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Raising the level of maturity in banking and finance – An introduction to the Maturity Institute

Tuesday 9 May, 2017
by Paul Kearns, Chair The Maturity Institute
While working their Banking Governance & Culture Project, the Maturity Institute in the UK came accross National Australia Bank (NAB) and in turn The Banking and Financial Services Oath.

Raising the level of maturity in banking and finance – an introduction to the Maturity Institute

As Chair of the Maturity Institute (MI) I recently connected with Cris Parker of The Banking and Financial Services Oath and was so impressed with the initiative that I took the Oath myself. I don’t work in banking or finance: or at least, they were not my chosen profession. My career has been dedicated to the field of ‘people management’; although these days I tend to use words such as ‘human governance’ and ‘human capital management’, which more accurately reflect the very high, professional standards I try to achieve. I say ‘dedicated’ because, to me, people management was always equivalent to a doctor’s vocation to medicine and I have argued for many years that those who are responsible for the management of people should be prepared to take a similar, Hippocratic oath. These are the shared values and principles that led to the establishment of MI in 2013.

Although banking and finance appear to have become ‘public enemy number one’, especially since the Global Financial Crisis of 2008 (although it is not over yet); if any finger pointing is to be done then maybe it should have chosen a different target – leadership and management education across all sectors. If you work in banking or finance, you have probably already asked yourself many times whether your own manager has all the necessary skills to realise your full potential value whilst reinforcing your own values? Even the best, most naturally talented, managers have to work within the constraints and pressures of the system that governs their behaviour. Good managers, who would never dream of breaking the law in their private lives, can find themselves compromised within a system that has become so perverted and corrupted (e.g. the sub-prime mortgage market, mis-selling questionable products etc.) that they can only survive by going with it and not sticking their neck out. So, rather than rush to judge the players in the system we should be healing the system itself. This is MI’s purpose.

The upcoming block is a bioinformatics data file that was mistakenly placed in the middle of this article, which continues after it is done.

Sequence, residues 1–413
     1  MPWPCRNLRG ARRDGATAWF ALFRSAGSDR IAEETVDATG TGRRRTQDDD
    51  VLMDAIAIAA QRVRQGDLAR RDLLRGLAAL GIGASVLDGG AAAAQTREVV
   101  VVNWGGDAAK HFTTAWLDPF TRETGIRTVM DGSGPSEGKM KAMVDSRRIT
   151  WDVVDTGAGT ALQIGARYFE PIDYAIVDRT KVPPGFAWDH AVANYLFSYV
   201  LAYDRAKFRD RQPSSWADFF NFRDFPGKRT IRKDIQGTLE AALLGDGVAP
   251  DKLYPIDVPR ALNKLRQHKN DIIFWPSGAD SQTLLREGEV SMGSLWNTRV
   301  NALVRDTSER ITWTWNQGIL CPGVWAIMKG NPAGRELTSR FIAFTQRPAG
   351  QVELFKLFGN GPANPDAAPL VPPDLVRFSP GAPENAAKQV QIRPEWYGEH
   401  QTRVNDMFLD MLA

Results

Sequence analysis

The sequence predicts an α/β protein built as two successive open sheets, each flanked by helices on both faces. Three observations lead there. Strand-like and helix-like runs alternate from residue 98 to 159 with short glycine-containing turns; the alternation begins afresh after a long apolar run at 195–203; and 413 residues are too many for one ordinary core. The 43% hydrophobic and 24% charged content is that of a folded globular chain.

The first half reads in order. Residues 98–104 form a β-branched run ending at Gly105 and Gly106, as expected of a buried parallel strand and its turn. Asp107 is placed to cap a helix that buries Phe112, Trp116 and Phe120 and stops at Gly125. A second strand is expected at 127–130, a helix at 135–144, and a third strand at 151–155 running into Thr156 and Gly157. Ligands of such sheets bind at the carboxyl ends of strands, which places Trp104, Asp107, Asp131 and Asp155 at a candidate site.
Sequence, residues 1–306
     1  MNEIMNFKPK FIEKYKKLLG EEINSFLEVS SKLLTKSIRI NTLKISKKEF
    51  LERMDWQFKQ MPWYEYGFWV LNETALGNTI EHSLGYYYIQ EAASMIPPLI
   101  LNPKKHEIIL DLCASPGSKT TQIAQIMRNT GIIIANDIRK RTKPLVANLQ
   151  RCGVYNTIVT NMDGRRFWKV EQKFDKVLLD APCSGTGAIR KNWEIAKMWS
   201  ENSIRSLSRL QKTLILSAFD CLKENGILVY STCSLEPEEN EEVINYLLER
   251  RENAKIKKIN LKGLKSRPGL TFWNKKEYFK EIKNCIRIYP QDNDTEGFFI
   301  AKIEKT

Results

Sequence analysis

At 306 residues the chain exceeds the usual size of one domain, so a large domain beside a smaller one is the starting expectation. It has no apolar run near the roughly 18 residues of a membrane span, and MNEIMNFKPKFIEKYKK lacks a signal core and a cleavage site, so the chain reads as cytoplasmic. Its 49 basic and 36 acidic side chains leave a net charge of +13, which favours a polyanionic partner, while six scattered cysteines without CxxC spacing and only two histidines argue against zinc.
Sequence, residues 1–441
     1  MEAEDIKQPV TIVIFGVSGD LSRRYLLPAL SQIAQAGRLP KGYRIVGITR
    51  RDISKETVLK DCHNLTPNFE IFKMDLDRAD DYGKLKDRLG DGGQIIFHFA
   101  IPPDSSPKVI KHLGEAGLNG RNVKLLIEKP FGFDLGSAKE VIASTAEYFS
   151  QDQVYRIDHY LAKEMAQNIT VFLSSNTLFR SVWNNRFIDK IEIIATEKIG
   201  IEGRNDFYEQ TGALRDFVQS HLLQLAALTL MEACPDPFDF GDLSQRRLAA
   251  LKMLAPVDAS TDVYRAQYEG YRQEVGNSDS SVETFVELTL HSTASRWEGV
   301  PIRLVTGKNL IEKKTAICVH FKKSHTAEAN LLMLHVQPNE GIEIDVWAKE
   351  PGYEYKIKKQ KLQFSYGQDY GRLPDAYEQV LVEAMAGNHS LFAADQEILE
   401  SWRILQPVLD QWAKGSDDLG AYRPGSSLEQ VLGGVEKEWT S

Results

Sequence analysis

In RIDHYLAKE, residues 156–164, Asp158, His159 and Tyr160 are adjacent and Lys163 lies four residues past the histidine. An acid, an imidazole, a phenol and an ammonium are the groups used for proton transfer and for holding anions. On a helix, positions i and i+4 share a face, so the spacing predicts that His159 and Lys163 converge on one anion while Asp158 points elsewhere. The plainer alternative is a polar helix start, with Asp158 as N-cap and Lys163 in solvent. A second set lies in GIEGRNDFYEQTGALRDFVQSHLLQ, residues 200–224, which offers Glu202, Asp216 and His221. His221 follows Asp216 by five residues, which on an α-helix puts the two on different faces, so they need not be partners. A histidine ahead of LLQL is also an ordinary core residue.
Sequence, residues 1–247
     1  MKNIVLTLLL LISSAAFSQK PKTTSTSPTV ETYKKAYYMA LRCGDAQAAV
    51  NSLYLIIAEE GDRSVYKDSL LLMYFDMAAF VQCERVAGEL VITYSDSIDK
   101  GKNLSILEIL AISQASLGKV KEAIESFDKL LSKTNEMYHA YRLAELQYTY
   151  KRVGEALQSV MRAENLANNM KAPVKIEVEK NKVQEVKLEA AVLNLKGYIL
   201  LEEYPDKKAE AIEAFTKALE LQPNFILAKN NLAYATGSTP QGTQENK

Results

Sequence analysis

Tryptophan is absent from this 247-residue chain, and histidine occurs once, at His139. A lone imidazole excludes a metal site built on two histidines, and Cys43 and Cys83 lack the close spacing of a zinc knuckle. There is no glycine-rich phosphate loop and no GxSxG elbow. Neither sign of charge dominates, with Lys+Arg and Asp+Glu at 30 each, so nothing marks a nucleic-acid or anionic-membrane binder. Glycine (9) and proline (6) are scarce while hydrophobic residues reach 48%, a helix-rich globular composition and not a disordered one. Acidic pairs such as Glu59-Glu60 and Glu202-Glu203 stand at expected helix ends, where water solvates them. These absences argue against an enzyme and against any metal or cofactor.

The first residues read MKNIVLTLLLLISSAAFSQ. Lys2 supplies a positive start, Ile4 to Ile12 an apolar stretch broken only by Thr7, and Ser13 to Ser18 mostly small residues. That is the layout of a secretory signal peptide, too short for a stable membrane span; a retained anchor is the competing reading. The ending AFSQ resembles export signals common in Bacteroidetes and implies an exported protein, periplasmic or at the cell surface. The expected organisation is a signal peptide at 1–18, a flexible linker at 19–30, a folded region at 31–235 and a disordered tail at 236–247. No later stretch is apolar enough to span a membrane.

MI’s philosophy is based on two simple ideas. One, banks and finance companies are here to serve society’s needs, not shareholders. By serving society’s needs as well as they can, shareholders’ long term interests will be well served. Two, whether they like it or not, business leaders cannot operate in a vacuum; every company is part of the whole, global financial system and has to acknowledge that fact and behave accordingly. Ticking compliance boxes is not good enough; banks and finance companies now have to demonstrate their societal legitimacy even more than legality. This is a point that MI has put to the Fed in the US, the Bank of England and UK regulators (all of whom already liaise with their counterparts in Australia). Now the leadership and management shortcomings of the global banking system will soon be made plain in the final report from MI’s Banking Governance & Culture Project.

In fact, it was only when I was involved in the research for this project that I came across National Australia Bank (NAB) for the first time and learned about how the bank’s leadership had all taken The BFSO. Australia has shown its courage and resolve to the rest of the world; it has stuck its head above the parapet and shown true, principled leadership. MI modus operandi is to determine and set global standards for human governance and the management of highly valuable human capital – people. Australia, with its BFSO, has already set the standard for the global banking system and others will have to follow or be viewed accordingly. As Chair of MI, I can assure you that we are already highly active in promoting this standard for educating leadership and management, across all sectors. MI is a multi-disciplinary, professional institute that includes accountants, lawyers and a wide range of other professionals. Taking an oath of good corporate governance is the only way they can elevate their professional status to a much higher and more mature level.


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The Oath

  • Trust is the foundation of my profession.
  • I will serve all interests in good faith.
  • I will compete with honour.
  • I will pursue my ends with ethical restraint.
  • I will help create a sustainable future.
  • I will help create a more just society.
  • I will speak out against wrongdoing and support others who do the same.
  • I will accept responsibility for my actions.
  • In these and all other matters;
    My word is my bond.